The classic and collector car community in Western Australia has lost its greatest champion with the passing of Peter Briggs on 31 May.
A leading entrepreneur and business figure in WA, Briggs was born in the UK on 1 February, 1939. He and his family endured the privations of World War II, including the Blitz of London, before emigrating first to Canada, then Australia, arriving in Perth when Peter was 8 years old.
After leaving school at 15, Briggs’s early career in the building trade expanded into property development, followed by a switch to the mining industry in the 1970s, which saw him develop and hold interests in several successful WA gold mines.
Alongside his entrepreneurial spirit, Briggs had an ongoing passion for cars, starting with his first – a 1948 Morris Minor – and numerous MGs thereafter. In his lifetime, Briggs owned more than 200 cars, including some rare and historically significant vehicles, like a supercharged classic Bentley, the 1904 Napier L48 ‘Samson’, Maybach III racer and a prototype Holden 48/215.
Unsurprisingly, a love of cars led Briggs to motor racing, starting in MGs at the old Caversham circuit, then stepping up to an ex-Norm Beechey Monaro, with which he won the WA Touring Car Championship in 1971. In 1994, his competition career – and his life - almost ended following a huge crash in the Maybach III at Phillip Island.
Outside of WA, Briggs is perhaps best known for the York Motor Museum he established back in 1979 to showcase some of his collection. That museum, and the number of high-quality classic cars in it, saw the inland WA town become a tourist destination, so Briggs purchased more real estate in York, restoring and upgrading buildings to ensure the restaurants, cafes and accommodation offered the same premium experience as the museum. This initiative saw Briggs receive a WA state tourism award in 1984.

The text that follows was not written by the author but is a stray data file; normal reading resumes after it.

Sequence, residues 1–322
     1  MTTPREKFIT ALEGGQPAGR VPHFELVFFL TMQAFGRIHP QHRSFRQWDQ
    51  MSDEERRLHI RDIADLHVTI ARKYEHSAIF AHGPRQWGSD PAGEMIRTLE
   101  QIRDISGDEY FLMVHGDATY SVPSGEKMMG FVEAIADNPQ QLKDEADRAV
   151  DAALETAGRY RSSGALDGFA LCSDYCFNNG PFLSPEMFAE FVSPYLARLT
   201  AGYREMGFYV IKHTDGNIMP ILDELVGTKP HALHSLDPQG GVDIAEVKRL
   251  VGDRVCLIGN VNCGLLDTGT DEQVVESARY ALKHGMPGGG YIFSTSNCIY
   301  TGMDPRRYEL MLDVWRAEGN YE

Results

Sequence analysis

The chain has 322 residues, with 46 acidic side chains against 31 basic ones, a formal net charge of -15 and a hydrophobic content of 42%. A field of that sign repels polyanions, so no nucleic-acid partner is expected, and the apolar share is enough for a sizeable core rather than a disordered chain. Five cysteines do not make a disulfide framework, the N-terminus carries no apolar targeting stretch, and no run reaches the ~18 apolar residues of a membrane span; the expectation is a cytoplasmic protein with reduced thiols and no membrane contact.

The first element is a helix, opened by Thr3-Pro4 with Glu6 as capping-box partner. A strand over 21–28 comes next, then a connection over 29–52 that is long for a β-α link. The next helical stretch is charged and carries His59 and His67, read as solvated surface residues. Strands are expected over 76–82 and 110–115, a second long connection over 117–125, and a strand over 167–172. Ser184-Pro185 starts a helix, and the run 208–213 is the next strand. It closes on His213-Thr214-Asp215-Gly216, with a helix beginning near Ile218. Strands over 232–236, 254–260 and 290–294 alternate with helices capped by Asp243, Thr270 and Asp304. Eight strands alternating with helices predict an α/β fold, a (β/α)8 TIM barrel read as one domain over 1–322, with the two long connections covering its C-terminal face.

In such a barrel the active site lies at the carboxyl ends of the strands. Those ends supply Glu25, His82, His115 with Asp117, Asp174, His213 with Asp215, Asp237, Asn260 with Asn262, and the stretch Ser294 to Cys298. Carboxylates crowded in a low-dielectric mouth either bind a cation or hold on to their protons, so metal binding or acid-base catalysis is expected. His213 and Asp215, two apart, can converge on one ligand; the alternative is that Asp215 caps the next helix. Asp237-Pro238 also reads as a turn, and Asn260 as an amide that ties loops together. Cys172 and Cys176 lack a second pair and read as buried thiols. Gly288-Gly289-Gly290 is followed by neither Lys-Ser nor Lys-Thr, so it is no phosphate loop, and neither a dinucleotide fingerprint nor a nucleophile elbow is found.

Briggs next brought a motorsport event to York – the York Flying 50 – that was an around-the-houses competition in the style of those popular in WA in the 1930s and ’40s.
After York, Briggs conducted a similar refurbishment of the town of Northam and opened a new motor museum in Fremantle in 2002.
Briggs’s passion for motoring saw both him and his cars travel to concours events all over the world, including Villa d’Este and Pebble Beach. Classic rallies were part of those adventures, too, with wife Robin often in the navigator's seat.
Peter Briggs is survived by Robin, daughters Heidi and Jodie, and four grandchildren.
JUST CARS extends its sympathies to Briggs’s family, friends and associates.
Photos: Courtesy of Graeme Cocks.